When we view Jesus’ death and resurrection we see clearly the new thing that God had promised (cf Isaiah 43:19; Hebrews 9:10). No longer are we dependant upon ritualistic sacrifices to secure God’s favor. No longer do we need turtle doves, goats, rams, lambs, and bulls.  Now, by the blood-letting and blood shedding of Jesus, through His precious blood He has given us the assurance that He has completely, once and for all done away with the burden and  guilt  of sin which had been fashioned upon us by the first Adam. God through Christ has blotted out from God’s record forgiveness of sins, never to be brought up against us again as evidence.

     I get so excited when I think about God’s forgiveness of my sins through the blood of Jesus. My heart begins to run wild when I think about Jesus’ death and resurrection on my behalf. In order for God to forgive sins, two conditions must be necessarily satisfied. First and foremost, a life must be given as a substitute for the sinner. The Hebrew writer says it much better than I can in Hebrews 9:22-28. This matter is completely and permanently taken care of by Jesus. Secondly, the sinner must come to God’s sacrifice and acknowledge that he is utterly destitute in and of himself. He must give up himself to Him and then receive forgiveness of sins (Acts 10:43) through His Name.


     I’m glad to know that we have come to realize that the good things to come could not have come by offering the same sacrifices year in and year out (Hebrews 10:3-10; 12-17). Thank God that through His blood (His death and resurrection) we can see clearly the image of His forgiveness of our sins and transgressions; the blotting out of our iniquities Thank God for Jesus’ blood and resurrection. Amen. Amen. Amen.

Sunday, June 26, 2016

Sunday Scripture Study::Seven Images Interpreting the Death and Resurrection of Jesus Christ

   Galatians 4:4-5
                                          The Adoption Image  


We have given consideration to and focused upon the images brought to light in the death and resurrection of Jesus. We have variously dealt with, through the Holy Spirit’s guidance, the images of ransom, redemption, justification, and reconciliation. Through these views or images we have sought to interpret Jesus’ death and resurrection. If the Lord is willing and Jesus does tarry, while I have your undivided attention I want to share with you the image of adoption which leaps forth from the Scriptures to us through the New Testament works of Jesus on our behalf.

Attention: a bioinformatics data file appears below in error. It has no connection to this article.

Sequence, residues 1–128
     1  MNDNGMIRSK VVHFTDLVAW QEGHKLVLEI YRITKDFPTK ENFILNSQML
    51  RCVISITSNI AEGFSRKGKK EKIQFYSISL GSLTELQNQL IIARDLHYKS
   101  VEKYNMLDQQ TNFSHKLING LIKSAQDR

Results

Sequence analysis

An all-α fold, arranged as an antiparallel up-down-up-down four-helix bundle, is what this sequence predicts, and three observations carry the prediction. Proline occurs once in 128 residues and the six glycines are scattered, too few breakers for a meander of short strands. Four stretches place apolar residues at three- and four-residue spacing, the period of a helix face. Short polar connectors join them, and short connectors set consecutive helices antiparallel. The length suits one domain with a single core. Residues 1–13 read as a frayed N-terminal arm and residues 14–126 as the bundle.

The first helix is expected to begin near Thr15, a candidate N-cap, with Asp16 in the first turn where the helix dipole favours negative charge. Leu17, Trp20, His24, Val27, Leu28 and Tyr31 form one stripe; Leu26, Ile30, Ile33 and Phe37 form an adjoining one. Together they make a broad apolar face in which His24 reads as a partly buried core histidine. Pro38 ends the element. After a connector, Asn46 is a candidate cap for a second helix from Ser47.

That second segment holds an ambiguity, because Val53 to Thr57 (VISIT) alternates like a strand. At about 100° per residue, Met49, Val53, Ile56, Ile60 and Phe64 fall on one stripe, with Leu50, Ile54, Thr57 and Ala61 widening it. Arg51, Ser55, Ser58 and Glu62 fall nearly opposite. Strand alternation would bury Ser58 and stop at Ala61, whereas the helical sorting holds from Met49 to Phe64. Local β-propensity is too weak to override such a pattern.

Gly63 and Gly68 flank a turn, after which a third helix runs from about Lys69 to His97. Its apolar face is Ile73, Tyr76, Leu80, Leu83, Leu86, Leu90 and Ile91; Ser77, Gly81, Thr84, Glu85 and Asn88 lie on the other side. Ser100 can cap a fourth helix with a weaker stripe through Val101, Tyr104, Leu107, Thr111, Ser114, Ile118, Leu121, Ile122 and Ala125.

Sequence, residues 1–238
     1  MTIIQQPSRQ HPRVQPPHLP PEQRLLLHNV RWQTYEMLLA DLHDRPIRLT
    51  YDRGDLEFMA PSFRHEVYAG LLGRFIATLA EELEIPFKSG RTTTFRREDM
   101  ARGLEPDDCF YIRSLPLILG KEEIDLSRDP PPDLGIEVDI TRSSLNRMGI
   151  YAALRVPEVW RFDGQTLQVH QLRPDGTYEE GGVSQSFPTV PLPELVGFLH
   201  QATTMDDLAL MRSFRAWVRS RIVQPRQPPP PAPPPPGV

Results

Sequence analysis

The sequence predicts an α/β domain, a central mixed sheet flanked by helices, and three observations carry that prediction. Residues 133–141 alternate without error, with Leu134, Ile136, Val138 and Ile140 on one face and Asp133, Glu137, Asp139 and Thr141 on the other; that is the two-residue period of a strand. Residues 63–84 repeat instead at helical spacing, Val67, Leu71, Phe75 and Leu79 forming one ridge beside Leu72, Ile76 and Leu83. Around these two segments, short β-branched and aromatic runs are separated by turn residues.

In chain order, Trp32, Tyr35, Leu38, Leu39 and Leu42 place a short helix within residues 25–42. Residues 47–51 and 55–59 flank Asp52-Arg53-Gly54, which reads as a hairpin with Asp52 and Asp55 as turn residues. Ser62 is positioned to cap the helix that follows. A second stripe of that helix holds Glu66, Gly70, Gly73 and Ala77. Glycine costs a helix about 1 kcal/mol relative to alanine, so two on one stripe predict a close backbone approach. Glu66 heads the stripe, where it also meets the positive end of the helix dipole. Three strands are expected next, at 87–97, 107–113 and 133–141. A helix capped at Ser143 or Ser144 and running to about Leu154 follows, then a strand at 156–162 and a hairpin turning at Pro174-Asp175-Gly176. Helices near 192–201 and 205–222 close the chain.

The term ‘adoption’ though theologically significant is used scantily by the NT writers. As a matter of fact the word is not used at all in the OT and is used only in the writing of Paul under the unction of the Holy Spirit in the NT. There was no provision in the OT for the use of adoption by the Jews. The Israelites were not allowed in God’s providence to ‘adopt’ but only did so in response to their mimicking of the nations around them. Thus we see Moses being ‘adopted’ by pharaoh’s daughter not legally as with the Romans and Greeks later, but as the Word says simply, “he became her son.” (Exodus 2:10)

     This is the idea behind the NT meaning of the word, ‘adoption’. The word as used in the NT means a placing of a son’ or “receiving into the relationship of a child.  The NT uses the word adoption in only a few instances:

Romans 8:15
Romans 8:23
Romans 9:4
Ephesians 1:5

     In the text of Galatians 4:4-5, specifically verse 5. Paul’s aim was to show that the sonship we have as believers in Jesus Christ is not a natural one of human descent but is conferred upon us by divine act of God the Father. In Romans 9:14 adoption belongs to Israel by way of God’s covenants and promises to the nation. In Romans 8:15 freedom comes with the Spirit of adoption by virtue of Christ’s atoning act whereby we blissfully cry out, “Abba, Father.”  In Ephesians 1:5 we find the stated reason for our adoption: that is the love of God for us. His foreordination of us as sons and daughters should leave no room for us to boast. Our adoption into the family of God is a free grant to hell-deserving people springing forth solely from the gracious acts of God in Christ.